THE SUMMER COFFEE HOUR is upon us and can only happen with faithful support from those who enjoy it, meaning different people volunteering each week to set it up and clean up afterward. Coffee will continue to be provided and bagels will be brought in whenever possible. We will depend on our parishioners to supply the “Pot Luck” refreshments each week. Please give serious consideration to volunteering your manpower which will enable us to continue providing this fellowship time that everyone enjoys so much. Call the church office and let Maggie know the Sunday that you would like to volunteer. It will be greatly appreciated.
Direct Outreach To Armenia: Der Hakob will be leaving soon as he leads another pilgrimage to Armenia. When he travels there, he tries to visit families who have suffered hardship and/or are living in difficult circumstances. He spends time with them in prayer and provides them with monetary assistance. If you would like to contribute to this worthy outreach for our brethren in Armenia, please mail or bring a check to church made out to Holy Trinity Armenian Church; Memo: Armenia. You will be blessed many times over for “…whatever you did for one of the least of these brothers and sisters of mine” (Matt 25:40). Deadline is June 16.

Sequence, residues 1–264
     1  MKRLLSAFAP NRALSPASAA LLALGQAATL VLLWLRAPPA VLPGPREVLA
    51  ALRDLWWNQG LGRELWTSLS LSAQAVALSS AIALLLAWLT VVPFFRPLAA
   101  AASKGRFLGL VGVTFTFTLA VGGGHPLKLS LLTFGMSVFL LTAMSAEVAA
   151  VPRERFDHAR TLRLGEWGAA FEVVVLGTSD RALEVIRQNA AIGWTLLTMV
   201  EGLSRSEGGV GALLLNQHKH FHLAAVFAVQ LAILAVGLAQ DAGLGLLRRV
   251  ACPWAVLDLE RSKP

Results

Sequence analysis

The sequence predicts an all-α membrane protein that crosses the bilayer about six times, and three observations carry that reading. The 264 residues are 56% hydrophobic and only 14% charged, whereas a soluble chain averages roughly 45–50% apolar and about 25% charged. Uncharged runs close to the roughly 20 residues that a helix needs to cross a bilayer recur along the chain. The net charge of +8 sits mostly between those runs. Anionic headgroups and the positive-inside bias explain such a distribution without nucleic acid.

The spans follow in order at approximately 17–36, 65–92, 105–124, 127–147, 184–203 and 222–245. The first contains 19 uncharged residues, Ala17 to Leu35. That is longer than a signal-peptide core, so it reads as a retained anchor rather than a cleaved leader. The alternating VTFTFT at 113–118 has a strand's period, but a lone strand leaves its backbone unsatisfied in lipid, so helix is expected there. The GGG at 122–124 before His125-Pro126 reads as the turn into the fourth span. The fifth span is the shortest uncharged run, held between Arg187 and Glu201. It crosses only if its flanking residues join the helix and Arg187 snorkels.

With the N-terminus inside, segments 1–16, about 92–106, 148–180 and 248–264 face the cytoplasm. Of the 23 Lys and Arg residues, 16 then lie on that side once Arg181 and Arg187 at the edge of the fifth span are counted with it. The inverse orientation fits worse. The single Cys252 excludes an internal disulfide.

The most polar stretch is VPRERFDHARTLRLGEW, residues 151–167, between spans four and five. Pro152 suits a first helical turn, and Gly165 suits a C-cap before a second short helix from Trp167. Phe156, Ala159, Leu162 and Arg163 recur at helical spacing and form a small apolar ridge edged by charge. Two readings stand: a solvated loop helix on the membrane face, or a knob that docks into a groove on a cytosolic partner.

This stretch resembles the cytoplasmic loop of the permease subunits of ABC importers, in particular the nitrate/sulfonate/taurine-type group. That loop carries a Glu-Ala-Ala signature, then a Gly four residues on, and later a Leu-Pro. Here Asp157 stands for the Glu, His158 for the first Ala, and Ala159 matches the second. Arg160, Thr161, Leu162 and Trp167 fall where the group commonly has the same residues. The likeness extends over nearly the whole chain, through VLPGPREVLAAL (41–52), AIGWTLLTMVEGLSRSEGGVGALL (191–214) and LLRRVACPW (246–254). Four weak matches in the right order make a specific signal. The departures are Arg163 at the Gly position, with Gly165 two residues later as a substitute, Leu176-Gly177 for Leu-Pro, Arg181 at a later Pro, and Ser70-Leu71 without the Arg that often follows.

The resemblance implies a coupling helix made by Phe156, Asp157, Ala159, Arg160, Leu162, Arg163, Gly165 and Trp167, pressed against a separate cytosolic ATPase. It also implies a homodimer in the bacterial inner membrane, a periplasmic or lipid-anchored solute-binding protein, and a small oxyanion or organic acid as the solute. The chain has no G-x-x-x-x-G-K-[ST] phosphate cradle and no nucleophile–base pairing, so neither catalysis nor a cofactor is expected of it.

ATTENTION GRADUATES – The August issue of the Looys will feature information about all graduates and we look forward to including all of our graduates at any level. Write-up should include: full name, parents’ names, name of institution, grade level or degree achieved, activity involvement, and future plans (further education/ work). Please include a picture (in high resolution color), if desired. To be included, everything must be sent to firstname.lastname@example.org no later than July 21st.